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Legal Aspects of Doing Business in Brazil

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  • When you considerhow to enter Brazil, what do you think about? What questions jump into your mind. I generally begin with asking why? Why should you enter Brazil?Is it because your competitor entered? Is it because an article in the WSJ said Brazil is the largest economy in Latin America and the 6th largest in the world. Did your largest customer enter Brazil? Is it because the middle class is growing at an explosive rate? Is it because your organization’s core competencies can be leveraged to do xyz? All of those could be great reasons, but the way you approach the information we are about to discuss, and the decisions you make will vary greatly based on the answer to that question.
  • -First elections under the new constitution were not held until 1989-several parties (over a dozen) are represented in Congress-Police in Bahia on strike – military in Salvador-Executive Decree authority-The Brazil Senate has 81 Seats (3 from each state), majority election, 8 year term-Lower House, Chamber of Deputies, 513 seats (proportional) 4 year term
  • -Executive Decree authority-Argentina Kirchner, import changes - Brazil changes while on boat
  • -New Zealand was 1st (2011)-Denmark was tied for 1st with New Zealand & Singapore (2010)-Scale is 10 – 1 , 10 is best-Somalia is worst, tied with North Korea
  • Brazil Nominal GDP 2.09 T, US apx 15T2010 7.5% growth2011 even with EU issues, projected to grow steadily at at least 3.5%Source BradescoGDP & Per Capita GDP source 2010 IMF numbers1/3rd global coffee, ½ of all global sugarcane exports, major world player in beef and poultry, soybeans and corn
  • Brazil Nominal GDP 2.09 T, US apx 15T2010 7.5% growth2011 even with EU issues, projected to grow steadily at at least 3.5%Source BradescoGDP & Per Capita GDP source 2010 IMF numbers1/3rd global coffee, ½ of all global sugarcane exports, major world player in beef and poultry, soybeans and corn
  • -SELIC rate is set by the COPOM, Monetary Policy Committee (link to current SELIC rate http://www.bcb.gov.br/?INTEREST) 2011 SELIC was 12.5%, began to cut, dropped to 7.25%, then raised 25bps April 2013-VIES, Brazilian Central Bank’s president right to set higher or lower rate than the current rate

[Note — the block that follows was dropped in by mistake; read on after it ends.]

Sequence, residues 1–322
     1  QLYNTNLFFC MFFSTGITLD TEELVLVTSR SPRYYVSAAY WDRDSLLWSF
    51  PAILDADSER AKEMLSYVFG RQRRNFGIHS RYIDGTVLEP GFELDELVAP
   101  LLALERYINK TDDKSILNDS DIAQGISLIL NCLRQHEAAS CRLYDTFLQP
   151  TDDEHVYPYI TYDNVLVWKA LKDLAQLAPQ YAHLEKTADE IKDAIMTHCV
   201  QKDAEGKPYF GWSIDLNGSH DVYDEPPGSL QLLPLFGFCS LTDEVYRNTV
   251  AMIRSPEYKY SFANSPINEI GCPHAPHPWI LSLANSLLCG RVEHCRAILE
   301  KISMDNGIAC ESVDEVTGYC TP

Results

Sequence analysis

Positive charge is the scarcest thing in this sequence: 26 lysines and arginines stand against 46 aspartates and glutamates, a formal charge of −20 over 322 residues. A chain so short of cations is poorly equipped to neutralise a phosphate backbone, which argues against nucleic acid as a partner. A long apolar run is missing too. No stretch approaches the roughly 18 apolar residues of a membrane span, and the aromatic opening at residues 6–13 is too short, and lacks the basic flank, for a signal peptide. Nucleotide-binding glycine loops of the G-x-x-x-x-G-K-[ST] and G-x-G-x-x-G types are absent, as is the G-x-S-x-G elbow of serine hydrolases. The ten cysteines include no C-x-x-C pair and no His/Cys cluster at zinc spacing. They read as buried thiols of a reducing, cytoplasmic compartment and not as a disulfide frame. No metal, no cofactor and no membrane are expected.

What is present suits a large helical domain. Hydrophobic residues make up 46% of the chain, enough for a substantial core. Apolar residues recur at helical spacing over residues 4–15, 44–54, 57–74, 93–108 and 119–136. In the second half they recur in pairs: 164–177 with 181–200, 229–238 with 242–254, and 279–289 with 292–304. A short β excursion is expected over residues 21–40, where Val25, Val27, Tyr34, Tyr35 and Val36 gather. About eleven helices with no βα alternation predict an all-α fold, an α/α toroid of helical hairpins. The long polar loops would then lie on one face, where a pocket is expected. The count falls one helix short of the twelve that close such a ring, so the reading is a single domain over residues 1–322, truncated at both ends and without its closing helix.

• -SELIC rate is set by the COPOM, Monetary Policy Committee (link to current SELIC rate http://www.bcb.gov.br/?INTEREST) 2011 SELIC was 12.5%, began to cut, dropped to 7.25%, then raised 25bps April 2013-VIES, Brazilian Central Bank’s president right to set higher or lower rate than the current rate
  • Highlight this slide & mention it may be useful for them to come back to and analyze for their particular situation
  • Highlight this slide & mention it may be useful for them to come back to and analyze for their particular situation http://www.google.com/finance?q=USDBRL&ei=-qaHUeiMKNCdqwGRWQ
  • -OECD, organization for economic co-operation & development (primarily wealthy countries, or the countries we traditionally think of as wealthy, with current EU crisis, as I’m sure Angela Merkel would argue, that is debatable-in 2000 these countries decided to quantify what children were learning in school (Program for International Student Assessment)-at the time of the initial studyonly ½ Brazilian children completed grade school and 3 out of 4 adults were functionally illiterate. -since enrolled in the study have shown solid gains-Brazil has set a goal to reach the OECD standard over the next decade -Dilma 75,000 scholarships-roughly 80 countries in current tests and Brazil ranks in the low 50s above the bottom 3rd (but not too far, 35 percentile)